Atmire, a company providing services surrounding the DSpace repository platform, has acquired Open Repository, the platform offered by BioMed Central for institutional repositories of open access content. The Open Repository service is based on the open source DSpace application, implemented primarily to support institutional repositories. Organizations of many different types contract with Open Repository, including universities, non-profits, and other research organizations. Open Repository offers both a premium version with a more robust set of hosting, configuration, and support services and a lite version, providing organizations a lower-cost approach with more basic features and services.
BioMed Central, owned by Springer Nature, functions as a major open access publisher. Though founded in 2000 in the United Kingdom, the publisher is active globally with over 500 member institutions. BioMed Central publishes a variety of open access journals across a variety of scientific disciplines primarily related to biology, medicine, and health.
Open Repository was launched in 2008 to provide deployment, customization, support, and hosting services for institutional repositories. The open source DSpace software was used as the technical infrastructure for these repositories. BioMed Central began providing services related to institutional repositories as an additional way to promote open access publishing in addition to its formal journal titles. BioMed Central currently publishes hundreds of open access STM (Science, Technology, and Medicine) journals with over 30,000 articles issued each year. Divesting Open Repository enables BioMed Central to focus its resources on that core activity. As of August 1, 2016, Atmire, with well-established expertise in DSpace, will assume responsibility for providing support to all of the existing customers of Open Repository.
Taking on ownership and support for Open Repository fits well within Atmire's business niche of providing support services for DSpace. Atmire is based in Belgium with offices in Rochester, NY. It was established to provide a variety of services for organizations with repositories based on DSpace. Atmire has been providing DSpace services since 2006. The company was founded by Lieven Droogmans, Ben Bosman and Bram Luyten as a spin-off from Katholieke Universiteit (KU) Leuven. Prior to founding Atmire, Droogmans was involved in the creation of LIRIAS (Leuven Institutional Repository and Information Archiving System), a customized implementation of DSpace for KU Leuven.
DSpace was originally developed by Hewlett-Packard and MIT Libraries. It was initially released in 2002 as an open source platform for institutional repositories that could be deployed with a relatively low level of technical difficulty. Fedora, another open source repository application, is generally seen as more complex because it requires at least some technical development by each institution to deploy and customize. DSpace and Fedora now both reside within DuraSpace for coordination of development and governance. Residing within DuraSpace does not preclude other commercial organizations, such as Atmire, from providing services surrounding DSpace.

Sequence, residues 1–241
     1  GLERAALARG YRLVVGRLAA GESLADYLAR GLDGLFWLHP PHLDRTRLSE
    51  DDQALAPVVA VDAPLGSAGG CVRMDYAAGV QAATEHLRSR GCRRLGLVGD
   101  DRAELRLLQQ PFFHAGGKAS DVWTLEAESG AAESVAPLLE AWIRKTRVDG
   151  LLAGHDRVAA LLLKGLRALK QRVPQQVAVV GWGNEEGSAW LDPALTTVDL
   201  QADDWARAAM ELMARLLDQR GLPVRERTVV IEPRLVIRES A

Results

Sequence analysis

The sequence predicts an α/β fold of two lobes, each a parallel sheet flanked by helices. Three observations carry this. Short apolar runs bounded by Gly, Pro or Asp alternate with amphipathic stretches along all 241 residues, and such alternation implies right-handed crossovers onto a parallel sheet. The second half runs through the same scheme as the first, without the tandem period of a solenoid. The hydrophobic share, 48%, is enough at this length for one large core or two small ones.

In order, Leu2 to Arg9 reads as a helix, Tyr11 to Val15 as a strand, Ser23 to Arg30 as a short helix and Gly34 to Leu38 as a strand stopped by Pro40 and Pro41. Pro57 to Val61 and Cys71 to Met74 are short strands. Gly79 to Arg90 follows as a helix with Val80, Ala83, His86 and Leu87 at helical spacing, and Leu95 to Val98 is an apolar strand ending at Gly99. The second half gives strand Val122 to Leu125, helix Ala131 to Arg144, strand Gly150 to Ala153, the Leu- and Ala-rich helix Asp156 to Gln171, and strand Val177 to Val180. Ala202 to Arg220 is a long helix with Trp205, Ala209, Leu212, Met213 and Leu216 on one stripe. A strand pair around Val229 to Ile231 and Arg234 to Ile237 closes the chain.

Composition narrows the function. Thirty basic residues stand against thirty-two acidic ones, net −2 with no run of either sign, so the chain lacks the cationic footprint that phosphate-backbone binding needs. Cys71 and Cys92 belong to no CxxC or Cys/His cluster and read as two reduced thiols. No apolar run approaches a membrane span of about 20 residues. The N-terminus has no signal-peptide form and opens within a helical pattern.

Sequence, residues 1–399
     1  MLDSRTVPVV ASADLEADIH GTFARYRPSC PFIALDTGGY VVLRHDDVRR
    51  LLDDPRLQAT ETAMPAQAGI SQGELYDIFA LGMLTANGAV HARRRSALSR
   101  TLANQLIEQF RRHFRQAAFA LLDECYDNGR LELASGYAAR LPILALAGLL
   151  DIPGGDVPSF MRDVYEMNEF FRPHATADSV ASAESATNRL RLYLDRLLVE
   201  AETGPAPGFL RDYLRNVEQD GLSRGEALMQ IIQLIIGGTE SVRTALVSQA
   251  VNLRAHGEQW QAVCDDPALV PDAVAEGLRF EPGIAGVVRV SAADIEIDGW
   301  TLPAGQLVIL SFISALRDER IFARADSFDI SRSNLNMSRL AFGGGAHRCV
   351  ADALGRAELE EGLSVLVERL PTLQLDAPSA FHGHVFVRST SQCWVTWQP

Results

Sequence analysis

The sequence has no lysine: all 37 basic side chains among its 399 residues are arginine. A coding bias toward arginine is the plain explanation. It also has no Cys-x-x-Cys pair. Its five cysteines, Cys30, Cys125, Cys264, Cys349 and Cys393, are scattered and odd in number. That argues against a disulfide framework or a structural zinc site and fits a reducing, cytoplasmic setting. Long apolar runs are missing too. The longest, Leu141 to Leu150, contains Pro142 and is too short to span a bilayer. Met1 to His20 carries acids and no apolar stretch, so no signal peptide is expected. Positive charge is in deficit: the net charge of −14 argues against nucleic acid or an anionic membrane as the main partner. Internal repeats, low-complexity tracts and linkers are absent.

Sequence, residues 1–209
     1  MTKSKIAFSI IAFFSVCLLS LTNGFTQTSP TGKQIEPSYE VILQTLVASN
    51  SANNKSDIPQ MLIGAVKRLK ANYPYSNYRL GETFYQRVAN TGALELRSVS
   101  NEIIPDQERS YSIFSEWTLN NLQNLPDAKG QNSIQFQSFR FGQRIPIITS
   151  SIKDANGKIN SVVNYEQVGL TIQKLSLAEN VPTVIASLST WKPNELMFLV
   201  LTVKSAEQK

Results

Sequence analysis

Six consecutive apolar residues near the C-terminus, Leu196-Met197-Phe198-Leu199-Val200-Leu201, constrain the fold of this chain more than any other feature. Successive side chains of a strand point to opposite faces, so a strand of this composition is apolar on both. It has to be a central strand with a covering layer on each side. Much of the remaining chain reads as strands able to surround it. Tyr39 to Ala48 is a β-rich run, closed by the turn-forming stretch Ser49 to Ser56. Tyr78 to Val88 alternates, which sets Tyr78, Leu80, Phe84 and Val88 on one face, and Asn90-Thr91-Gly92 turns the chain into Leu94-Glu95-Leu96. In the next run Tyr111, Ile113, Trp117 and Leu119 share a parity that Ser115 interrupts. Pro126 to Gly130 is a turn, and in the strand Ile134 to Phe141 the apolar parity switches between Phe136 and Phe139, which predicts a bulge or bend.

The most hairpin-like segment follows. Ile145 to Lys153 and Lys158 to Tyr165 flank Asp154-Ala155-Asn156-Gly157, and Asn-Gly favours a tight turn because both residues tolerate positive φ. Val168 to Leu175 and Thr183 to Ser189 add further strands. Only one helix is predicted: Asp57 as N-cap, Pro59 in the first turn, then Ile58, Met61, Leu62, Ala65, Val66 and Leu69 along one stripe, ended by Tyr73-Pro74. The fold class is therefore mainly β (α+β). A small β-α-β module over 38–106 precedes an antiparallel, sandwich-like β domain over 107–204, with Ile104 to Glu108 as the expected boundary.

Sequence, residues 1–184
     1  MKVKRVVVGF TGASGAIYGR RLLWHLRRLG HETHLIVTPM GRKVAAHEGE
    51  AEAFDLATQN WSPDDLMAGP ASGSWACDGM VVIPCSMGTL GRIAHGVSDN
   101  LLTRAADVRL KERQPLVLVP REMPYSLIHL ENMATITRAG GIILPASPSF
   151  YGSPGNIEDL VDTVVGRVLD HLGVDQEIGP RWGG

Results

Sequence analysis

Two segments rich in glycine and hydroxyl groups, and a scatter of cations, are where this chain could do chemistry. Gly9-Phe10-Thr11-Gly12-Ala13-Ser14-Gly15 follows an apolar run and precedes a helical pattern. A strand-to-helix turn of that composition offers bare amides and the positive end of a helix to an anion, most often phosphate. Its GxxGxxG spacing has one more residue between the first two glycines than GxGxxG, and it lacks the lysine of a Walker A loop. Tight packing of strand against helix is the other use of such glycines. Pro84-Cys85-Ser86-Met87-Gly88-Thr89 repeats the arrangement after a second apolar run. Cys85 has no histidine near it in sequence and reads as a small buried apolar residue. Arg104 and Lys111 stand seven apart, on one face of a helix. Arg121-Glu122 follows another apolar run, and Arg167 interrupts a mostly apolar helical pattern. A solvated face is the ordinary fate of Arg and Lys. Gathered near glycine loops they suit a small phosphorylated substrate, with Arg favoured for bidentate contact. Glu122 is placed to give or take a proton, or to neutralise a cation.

BioMed Central has no business relationship with PubMed Central, operated by the National Library of Medicine and the National Institutes of Health in the United States.
Another Round of Funding for CollectionSpace
The Andrew W. Mellon Foundation has funded a new grant for $850,000 to Lyrasis for its ongoing involvement with CollectionSpace, an open source museum management application. These funds will help support ongoing development of the software and for further exploration of business models to sustain the project. Lyrasis will work closely with the community of institutions engaged with CollectionSpace.
This grant builds on an initial $1.5 million funding provided by the Mellon Foundation in December 2013 to establish Lyrasis as the organizational home for CollectionSpace. The initial funding was intended to help Lyrasis build the organizational capacity for support, development, and governance of the software and related activities to promote its adoption by museums and related organizations.
The University of California at Berkeley continues its active role with CollectionSpace. The University operates five instances of the software to support its multiple museum collections, administered through its Research IT Museum Informatics team.
The initial development for CollectionSpace began in 2008 through a project led by the Museum of the Moving Image in Astoria, NY, the University of California at Berkeley, and in collaboration with several other European and American institutions. The Mellon Foundation provided funding for this initial development effort as well as for two other grants to Lyrasis for ongoing support and sustainability.
In addition to its support for CollectionSpace, Lyrasis has also been designated as the institutional home for ArchivesSpace, the open source tool for managing archival collections. ArchivesSpace was developed with funding from the Mellon Foundation as the forward migration platform for Archon and The Archivists Toolkit. Lyrasis provides hosting services for CollectionSpace, ArchivesSpace, and other open source software applications as part of its revenue-generating activities. Lyrasis had entered a process to consider a merger with DuraSpace, the organization providing governance and services surrounding DSpace, Fedora, DuraCloud, VIVO, and other open source repository initiatives. That proposed merger, covered in detail in the March 2016 issue of Smart Libraries Newsletter, was dissolved according to a May 2016 press announcement.
Lyrasis has been quite successful in pursuing grants from the Andrew W. Mellon Foundation. According to information available on the Foundation's website, Lyrasis has awarded Lyrasis a total $8,682,900 in funding for 14 different projects since 2006.